Redbone - Redbone reissue album review

Native Americans get lost in the mix

Redbone album cover

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A native American band formed at the end of the 60s out of the Los Angeles session scene (apparently encouraged by Jimi Hendrix, who had Cherokee blood), Redbone’s influences spread far wider than their shared ancestry, encompassing everything from soul and funk to Tex Mex, country and Latin.

Adding to this eclectic mix, they had a guitarist who played through a Leslie rotating speaker, and a drummer who could conjure up a wild beat somewhere between a Bo Diddley rhythm and a manic surf stomp. In fact, their Native American roots were scarcely visible, although that didn’t stop CBS Records, who were still trying to count the money they’d made out of Santana, from shamelessly plugging the ethnic angle. They also indulged Redbone with a double album for starters, which in retrospect was a mistake as they hadn’t yet worked up an identity.

After a strong start with the swampy Crazy Cajun Cakewalk Band that sounds eerily like the Alabama 3, the bombastic Prehistoric Rhythm and the poppy Niki Hokey, they start to drift, and while the playing never falters, there’s a shortage of memorable hooks. They didn’t have enough material either, as the increasing number of extended jams towards the end indicates. [So you’ve got reservations, then? – Ed.]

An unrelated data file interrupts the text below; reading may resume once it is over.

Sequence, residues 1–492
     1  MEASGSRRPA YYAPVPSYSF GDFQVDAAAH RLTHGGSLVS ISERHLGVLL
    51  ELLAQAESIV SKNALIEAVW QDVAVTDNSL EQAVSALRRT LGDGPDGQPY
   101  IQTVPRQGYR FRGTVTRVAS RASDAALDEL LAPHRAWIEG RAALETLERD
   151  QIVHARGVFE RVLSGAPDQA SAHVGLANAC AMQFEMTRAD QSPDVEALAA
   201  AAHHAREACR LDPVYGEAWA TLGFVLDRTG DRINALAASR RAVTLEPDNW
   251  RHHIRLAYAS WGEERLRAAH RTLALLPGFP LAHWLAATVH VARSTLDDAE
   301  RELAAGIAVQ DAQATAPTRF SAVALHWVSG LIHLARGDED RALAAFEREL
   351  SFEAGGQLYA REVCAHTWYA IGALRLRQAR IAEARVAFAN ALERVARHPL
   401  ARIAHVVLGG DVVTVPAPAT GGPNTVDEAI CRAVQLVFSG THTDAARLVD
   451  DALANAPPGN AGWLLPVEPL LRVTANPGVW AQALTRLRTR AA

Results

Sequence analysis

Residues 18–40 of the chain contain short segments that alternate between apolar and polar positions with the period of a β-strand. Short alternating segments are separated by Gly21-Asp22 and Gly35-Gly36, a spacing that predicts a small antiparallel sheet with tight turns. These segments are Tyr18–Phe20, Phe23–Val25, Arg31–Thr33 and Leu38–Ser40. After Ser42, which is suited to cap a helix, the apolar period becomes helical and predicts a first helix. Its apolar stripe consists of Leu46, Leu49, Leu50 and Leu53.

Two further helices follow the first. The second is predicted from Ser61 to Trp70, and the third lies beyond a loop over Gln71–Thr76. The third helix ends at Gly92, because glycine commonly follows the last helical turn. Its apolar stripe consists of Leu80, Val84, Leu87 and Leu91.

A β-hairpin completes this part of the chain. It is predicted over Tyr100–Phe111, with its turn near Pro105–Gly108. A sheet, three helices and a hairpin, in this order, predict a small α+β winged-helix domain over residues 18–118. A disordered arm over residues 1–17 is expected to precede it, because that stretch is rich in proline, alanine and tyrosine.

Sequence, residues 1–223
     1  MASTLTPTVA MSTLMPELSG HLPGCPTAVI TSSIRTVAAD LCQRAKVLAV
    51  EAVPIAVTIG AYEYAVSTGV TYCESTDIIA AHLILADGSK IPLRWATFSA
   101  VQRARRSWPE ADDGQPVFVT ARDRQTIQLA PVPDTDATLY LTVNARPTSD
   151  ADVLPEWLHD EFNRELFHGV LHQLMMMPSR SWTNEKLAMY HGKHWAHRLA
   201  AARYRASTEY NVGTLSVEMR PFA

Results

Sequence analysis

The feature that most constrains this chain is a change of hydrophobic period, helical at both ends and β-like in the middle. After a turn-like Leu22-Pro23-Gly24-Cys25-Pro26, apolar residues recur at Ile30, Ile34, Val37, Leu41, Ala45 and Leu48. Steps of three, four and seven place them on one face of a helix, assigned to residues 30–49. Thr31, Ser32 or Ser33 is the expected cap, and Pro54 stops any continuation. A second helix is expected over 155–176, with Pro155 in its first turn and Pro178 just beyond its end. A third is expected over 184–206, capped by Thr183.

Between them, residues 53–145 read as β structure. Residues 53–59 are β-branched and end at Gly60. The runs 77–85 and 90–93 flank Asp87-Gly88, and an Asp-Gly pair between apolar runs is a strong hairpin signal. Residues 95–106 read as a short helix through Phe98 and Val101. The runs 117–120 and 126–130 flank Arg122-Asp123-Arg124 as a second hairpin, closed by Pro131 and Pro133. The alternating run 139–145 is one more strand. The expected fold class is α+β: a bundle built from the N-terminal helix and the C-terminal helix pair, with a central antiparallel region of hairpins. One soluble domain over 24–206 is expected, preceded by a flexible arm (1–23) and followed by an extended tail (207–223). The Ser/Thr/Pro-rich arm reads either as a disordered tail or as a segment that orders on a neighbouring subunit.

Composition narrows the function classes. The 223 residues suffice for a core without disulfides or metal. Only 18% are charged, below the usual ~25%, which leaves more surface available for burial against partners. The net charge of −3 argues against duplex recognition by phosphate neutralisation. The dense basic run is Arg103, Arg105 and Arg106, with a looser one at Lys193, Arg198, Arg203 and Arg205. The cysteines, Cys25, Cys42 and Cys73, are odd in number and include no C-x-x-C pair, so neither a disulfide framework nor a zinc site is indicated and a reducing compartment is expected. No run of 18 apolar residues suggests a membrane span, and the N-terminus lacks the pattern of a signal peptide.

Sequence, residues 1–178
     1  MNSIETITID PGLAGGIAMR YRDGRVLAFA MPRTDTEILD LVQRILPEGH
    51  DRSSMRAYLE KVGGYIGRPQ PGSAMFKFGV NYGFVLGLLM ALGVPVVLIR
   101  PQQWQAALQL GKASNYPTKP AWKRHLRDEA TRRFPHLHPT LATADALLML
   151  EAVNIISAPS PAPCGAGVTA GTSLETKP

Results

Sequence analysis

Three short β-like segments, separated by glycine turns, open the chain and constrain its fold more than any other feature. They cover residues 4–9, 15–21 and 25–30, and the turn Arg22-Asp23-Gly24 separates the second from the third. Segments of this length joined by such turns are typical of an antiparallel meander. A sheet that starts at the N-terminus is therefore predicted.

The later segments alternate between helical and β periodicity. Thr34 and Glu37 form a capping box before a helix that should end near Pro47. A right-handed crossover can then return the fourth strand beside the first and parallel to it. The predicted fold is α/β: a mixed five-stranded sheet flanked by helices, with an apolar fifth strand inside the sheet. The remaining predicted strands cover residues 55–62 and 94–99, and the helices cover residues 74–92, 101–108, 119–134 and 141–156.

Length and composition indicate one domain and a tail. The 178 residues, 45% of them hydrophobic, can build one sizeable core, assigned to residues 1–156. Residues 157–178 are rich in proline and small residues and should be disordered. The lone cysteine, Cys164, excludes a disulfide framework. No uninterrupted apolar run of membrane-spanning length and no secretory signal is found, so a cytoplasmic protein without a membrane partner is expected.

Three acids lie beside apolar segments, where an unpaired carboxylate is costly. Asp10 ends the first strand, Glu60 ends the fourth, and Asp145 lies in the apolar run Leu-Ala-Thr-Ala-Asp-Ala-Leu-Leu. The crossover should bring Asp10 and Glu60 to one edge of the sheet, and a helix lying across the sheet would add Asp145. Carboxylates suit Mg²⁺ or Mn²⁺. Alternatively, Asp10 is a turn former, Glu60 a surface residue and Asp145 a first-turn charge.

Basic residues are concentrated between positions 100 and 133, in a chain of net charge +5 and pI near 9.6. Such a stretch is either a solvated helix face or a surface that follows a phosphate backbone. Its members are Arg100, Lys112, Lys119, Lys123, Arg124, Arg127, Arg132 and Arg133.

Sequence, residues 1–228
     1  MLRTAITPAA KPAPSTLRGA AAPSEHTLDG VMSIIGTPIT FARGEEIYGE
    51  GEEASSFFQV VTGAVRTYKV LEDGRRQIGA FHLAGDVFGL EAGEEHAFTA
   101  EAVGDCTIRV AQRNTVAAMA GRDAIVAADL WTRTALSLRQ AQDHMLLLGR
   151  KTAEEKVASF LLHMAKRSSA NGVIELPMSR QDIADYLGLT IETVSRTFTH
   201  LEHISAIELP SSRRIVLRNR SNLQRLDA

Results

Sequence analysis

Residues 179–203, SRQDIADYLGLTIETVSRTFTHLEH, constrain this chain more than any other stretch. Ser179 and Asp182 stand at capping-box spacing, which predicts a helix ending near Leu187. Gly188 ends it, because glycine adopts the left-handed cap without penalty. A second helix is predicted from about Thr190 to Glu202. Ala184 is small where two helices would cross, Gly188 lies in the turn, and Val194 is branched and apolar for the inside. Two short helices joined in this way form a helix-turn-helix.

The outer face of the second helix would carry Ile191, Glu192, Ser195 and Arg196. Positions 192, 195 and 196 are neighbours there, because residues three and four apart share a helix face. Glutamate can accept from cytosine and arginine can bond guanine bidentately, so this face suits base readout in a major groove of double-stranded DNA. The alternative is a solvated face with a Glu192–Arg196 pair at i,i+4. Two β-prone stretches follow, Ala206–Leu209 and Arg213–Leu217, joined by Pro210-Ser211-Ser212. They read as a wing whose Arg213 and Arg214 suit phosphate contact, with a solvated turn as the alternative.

Hugh Fielder

Hugh Fielder has been writing about music for 47 years. Actually 58 if you include the essay he wrote about the Rolling Stones in exchange for taking time off school to see them at the Ipswich Gaumont in 1964. He was news editor of Sounds magazine from 1975 to 1992 and editor of Tower Records Top magazine from 1992 to 2001. Since then he has been freelance. He has interviewed the great, the good and the not so good and written books about some of them. His favourite possession is a piece of columnar basalt he brought back from Iceland.